Aaron Schatz: As far as I'm concerned, there was no way to foresee the collapse of the Philadelphia Eagles. I think this team was just hit with a ton of unpredictable problems, all at the same time. It was reasonable to expect one of the other NFC East teams to improve this year, but nobody expected significant improvement from all three. Personality conflicts and contract squabbles like the T.O. situation often completely disappear once the season starts. This time, that didn't happen. There was no indicator that the special teams would collapse. Kicker injuries are not particularly common, so there was no way to predict injuries to both David Akers and Dirk Johnson. Donovan McNabb struggled all year with the injury from the Atlanta game, something we could not predict before the season began. They were 4-2 a few weeks ago, but the Denver blowout was a real turning point, especially since it was T.O.'s last game with the team.

Philadelphia DVOA by Down, 2004-05




Down 2005 2004 2005 2004
1st 13.2% 10.6% -15.9% -9.0%
2nd 10.9% 34.6% 2.6% 1.1%
3rd -4.4% 3.9% 6.2% -3.5%

As far as down-by-down performance, there's no indicator there. If anything, we would have expected the offense to improve this year. When Mike Tanier and I did two Philadelphia-area book signings, however, we both agreed that this team had one issue that they forgot to address in the off-season.

Mike Tanier: The lack of a "big" or even "medium" sized back is significant. We can see it in the red zone this year. Against the Giants, the Eagles couldn't punch the ball in from the one-yard line. Against the Cowboys they had to settle for a short field goal late in the game. Those are difference making plays.

The Eagles didn't need to go sign Jerome Bettis or anything, but the fact that they didn't grab anyone, even Dorsey Levens, is puzzling.

In terms of the future, I am happy to see this new center Jamaal Jackson playing well. I am glad rookie defensive end Trent Cole is playing well. Reggie Brown has a great opportunity right now. The salary cap situation is great. If McNabb didn't throw that pass against Dallas, we could be 5-5 or 6-4 right now. No reason to lament the future. Just the present.

NF: I was just reviewing your article on special teams VOA, and I was wondering if you have considered adding points scored above or below average by opposing field goal kickers to the indicators you use for why teams have bad years, along with third-down performance and fumble recovery rate.

Also, have you expanded the data for average points scored from a yardage by field goals by including data from more years? Theoretically, because there has not really been a great change in the technique of field goal kicking or teams strategy on it in the last 10 years, you could pool data from every season going back at least that far to find average kick success rates.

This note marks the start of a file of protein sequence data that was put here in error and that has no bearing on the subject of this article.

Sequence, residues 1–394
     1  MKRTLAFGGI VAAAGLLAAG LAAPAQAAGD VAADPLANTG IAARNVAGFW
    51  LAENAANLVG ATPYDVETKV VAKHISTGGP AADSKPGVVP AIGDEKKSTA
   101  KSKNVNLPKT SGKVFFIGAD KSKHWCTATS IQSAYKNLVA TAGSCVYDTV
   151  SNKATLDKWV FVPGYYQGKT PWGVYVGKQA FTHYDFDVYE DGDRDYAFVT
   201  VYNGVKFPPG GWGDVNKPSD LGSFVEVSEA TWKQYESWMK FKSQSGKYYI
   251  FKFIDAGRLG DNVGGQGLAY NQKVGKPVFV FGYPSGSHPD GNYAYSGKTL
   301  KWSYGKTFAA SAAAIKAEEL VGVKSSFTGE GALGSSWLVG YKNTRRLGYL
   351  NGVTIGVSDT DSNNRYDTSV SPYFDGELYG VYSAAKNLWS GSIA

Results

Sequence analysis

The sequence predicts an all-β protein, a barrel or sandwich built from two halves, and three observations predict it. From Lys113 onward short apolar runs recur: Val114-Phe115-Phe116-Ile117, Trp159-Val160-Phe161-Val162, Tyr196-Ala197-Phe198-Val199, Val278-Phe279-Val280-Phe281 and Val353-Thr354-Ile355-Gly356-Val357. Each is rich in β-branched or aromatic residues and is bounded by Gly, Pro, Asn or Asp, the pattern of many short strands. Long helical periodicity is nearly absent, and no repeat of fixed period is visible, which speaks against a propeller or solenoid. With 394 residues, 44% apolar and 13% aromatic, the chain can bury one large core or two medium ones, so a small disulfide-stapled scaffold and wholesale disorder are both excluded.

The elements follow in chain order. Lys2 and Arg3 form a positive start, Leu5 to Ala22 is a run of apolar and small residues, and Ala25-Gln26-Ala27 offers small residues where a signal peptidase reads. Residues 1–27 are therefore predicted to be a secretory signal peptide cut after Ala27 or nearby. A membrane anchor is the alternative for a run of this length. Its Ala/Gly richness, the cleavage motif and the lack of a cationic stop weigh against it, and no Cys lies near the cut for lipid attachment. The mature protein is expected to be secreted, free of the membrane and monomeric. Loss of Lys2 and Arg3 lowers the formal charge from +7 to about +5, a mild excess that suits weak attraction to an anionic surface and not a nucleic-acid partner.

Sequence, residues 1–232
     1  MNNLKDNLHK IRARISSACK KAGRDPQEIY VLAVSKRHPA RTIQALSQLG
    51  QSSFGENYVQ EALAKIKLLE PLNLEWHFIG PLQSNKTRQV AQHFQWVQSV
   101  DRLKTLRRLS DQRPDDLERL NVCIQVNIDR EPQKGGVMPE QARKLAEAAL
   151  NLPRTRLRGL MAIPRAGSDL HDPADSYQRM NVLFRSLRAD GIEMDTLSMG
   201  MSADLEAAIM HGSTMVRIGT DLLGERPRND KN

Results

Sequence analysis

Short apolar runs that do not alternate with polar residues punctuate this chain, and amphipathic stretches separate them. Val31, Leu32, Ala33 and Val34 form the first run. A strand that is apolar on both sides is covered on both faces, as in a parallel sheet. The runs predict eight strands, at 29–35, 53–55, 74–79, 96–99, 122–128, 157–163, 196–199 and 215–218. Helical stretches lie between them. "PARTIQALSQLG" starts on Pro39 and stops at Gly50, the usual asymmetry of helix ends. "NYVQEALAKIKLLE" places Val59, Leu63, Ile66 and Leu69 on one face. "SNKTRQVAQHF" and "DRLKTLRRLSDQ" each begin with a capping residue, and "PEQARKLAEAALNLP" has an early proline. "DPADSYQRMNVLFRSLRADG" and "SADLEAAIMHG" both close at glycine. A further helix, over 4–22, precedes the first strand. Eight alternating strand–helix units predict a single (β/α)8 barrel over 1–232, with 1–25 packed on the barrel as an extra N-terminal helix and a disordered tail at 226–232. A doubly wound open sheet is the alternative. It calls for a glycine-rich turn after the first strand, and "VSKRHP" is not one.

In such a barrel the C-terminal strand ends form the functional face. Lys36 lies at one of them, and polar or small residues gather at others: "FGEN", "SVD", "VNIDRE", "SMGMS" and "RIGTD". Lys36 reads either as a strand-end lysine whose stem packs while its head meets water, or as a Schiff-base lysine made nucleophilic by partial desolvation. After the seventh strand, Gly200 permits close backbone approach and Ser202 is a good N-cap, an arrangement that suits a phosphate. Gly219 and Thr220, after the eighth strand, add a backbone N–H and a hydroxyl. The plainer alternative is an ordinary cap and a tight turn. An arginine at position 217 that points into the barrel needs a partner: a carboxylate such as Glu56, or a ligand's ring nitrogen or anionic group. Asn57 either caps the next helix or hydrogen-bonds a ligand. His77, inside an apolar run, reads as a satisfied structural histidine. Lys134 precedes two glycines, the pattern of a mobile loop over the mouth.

Aaron Schatz: You'll see a rating on the special teams page called "VOA w/HIDDEN" which includes field goals against and kickoff distance against.

This year, the teams with the worst luck due to opposing field goal kickers have been Dallas (+11.7 points) and Houston (+11.4 points). The only field goals missed against Dallas have been a 50-yarder and a 60-yarder. Nobody has missed a field goal against Miami, though Phil Dawson missed an extra point.

The luckiest team, by far, has been Kansas City (-8.9 points). Rian Lindell of Buffalo missed 28- and 31-yard field goals against them, Jason Elam missed a 46-yarder in Denver, and Sebastian Janikowski missed a 50-yarder. They've also had opponents abort a field goal and an extra point with bad snaps and they've blocked two field goals for good measure (though that's not really luck).

As far as opposition kickoff distance, the numbers are much less extreme. The one team that stands out is St. Louis. Kickoffs against the Rams have averaged 68.1 gross yards, and no other team is above 67. Even after adjusting for the dome, this has cost the Rams about 6.2 points worth of field position compared to the NFL average.

To your second question, there has actually been a change in league-wide kicking numbers (kickoff, punt, and field goal) twice:

  • 1999: K-ball introduced, special ball used for kicks and always taken right out of the box.
  • 2003: League gets really anal about enforcing K-ball rule.

Each time, kicking became harder. Of course, kickers have improved significantly again this year, so who knows, maybe in 2006 they'll make them kick cannonballs or something.

The next question asks about Drive Success Rate, a stat we introduced in Pro Football Prospectus 2005, created by Jim Armstrong and featured on the Drive Stats pages.